Hard work and quick action

Published 8:57 pm Tuesday, September 24, 2013

Folks who live along Bennett’s Creek were happy to see the U.S. Army Corps of Engineers dredge Currituck at the mouth of the creek in the Nansemond River earlier this month. The dredge’s presence there was a sign that work to carve out an eight-foot-deep channel was near its end, and that’s extremely good news for people who had found it all but impossible to navigate the creek at anything other than high tide.

With an eight-foot channel at low tide, just about any recreational or work boat that would be likely to need to navigate the creek will be able to do so again, something that has proved increasingly tricky since Hurricane Sandy dumped rain and silt into the creek. The hurricane helped ensure federal funding for the project, and the dredging project, in turn, helped move forward the Craney Island expansion, as many tons of dredged material were moved from the bottom of Bennett’s Creek to the pad that is being built for a new shipping facility at Craney Island on the James River.

That’s good news, but it’s nowhere near as good as the feelings of relief and gratitude one James River boater must have felt the evening of Sept. 16, when he saw the dredge motoring toward him near midnight.


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As they were finishing their work on Bennett’s Creek, crewmembers of the Currituck turned their attention to the trip home when they noticed a red flare in the night sky as they headed toward the Monitor-Merrimac Memorial Bridge-Tunnel. Heading toward the source of the flare, they shone a searchlight into the area and soon saw a man shivering in a small, rubber raft.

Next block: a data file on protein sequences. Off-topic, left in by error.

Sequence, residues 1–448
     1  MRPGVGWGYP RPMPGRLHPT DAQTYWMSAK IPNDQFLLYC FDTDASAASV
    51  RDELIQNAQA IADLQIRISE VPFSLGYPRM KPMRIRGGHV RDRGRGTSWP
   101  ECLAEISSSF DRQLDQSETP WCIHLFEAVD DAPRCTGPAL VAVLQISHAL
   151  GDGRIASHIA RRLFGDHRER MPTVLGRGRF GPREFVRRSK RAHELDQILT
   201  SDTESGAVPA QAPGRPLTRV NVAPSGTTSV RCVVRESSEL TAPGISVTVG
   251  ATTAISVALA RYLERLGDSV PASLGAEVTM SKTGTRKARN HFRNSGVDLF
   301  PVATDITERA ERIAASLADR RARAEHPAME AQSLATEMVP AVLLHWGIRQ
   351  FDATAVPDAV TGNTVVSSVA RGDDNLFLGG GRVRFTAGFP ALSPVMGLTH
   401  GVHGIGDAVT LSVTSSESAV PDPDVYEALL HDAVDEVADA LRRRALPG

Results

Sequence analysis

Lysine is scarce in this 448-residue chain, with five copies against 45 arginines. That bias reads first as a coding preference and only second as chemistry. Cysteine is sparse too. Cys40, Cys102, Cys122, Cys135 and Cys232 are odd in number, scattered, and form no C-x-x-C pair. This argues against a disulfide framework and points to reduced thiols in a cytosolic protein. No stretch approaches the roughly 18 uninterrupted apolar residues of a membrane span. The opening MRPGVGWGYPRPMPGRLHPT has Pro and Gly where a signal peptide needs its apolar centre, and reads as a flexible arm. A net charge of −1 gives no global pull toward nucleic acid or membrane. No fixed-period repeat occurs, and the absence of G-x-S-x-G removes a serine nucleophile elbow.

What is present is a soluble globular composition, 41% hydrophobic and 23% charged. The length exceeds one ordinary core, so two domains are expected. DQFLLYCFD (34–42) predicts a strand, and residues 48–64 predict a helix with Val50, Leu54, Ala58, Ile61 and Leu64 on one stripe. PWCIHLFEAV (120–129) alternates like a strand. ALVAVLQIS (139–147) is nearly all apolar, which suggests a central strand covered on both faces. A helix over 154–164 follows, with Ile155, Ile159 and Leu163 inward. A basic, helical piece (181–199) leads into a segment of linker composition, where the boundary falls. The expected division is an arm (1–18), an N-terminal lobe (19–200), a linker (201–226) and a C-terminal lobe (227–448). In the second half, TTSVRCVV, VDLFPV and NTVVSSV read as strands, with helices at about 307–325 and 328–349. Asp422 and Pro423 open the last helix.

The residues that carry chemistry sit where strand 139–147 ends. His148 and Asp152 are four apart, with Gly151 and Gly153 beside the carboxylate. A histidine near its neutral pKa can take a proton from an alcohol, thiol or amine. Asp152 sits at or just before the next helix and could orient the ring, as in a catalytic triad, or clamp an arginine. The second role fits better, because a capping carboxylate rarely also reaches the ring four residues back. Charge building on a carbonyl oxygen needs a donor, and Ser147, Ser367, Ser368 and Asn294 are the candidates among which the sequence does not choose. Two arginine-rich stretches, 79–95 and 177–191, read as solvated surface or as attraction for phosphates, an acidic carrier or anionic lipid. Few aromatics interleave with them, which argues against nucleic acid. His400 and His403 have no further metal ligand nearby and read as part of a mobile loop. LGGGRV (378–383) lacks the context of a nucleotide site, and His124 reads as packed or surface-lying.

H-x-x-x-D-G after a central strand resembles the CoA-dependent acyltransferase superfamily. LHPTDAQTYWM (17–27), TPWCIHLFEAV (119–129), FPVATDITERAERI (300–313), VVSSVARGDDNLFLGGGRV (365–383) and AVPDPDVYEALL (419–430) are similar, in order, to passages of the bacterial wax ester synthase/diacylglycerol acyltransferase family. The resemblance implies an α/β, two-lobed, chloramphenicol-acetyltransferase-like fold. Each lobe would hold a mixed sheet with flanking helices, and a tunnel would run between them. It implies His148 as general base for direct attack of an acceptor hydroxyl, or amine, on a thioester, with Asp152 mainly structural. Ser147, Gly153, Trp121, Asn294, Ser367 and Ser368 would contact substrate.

After rescuing the man, giving him dry clothes and sitting him down in the engine room, the warmest spot on the dredge, the crew learned he had launched his raft when his boat had lost power in the middle of the James River. He had tried to make it back to the marina from which he’d launched earlier, but he had been overcome by the river’s currents.

The story ended happily with the reunion of the boater and his wife at the Corps of Engineers’ district office in Norfolk. It could easily have been much worse, though, as the man already had begun to exhibit some of the signs of hypothermia, and the currents and often-choppy conditions of the James could easily have swamped his rubber raft.

The moral for boaters is to stay with their vessels as long as possible and be sure to have flares or some other emergency beacons handy in case of an emergency. Kudos to the Corps of Engineers’ crew for its quick help — and, of course, for its hard work on Bennett’s Creek, though that work now somehow pales in significance, compared to saving a life.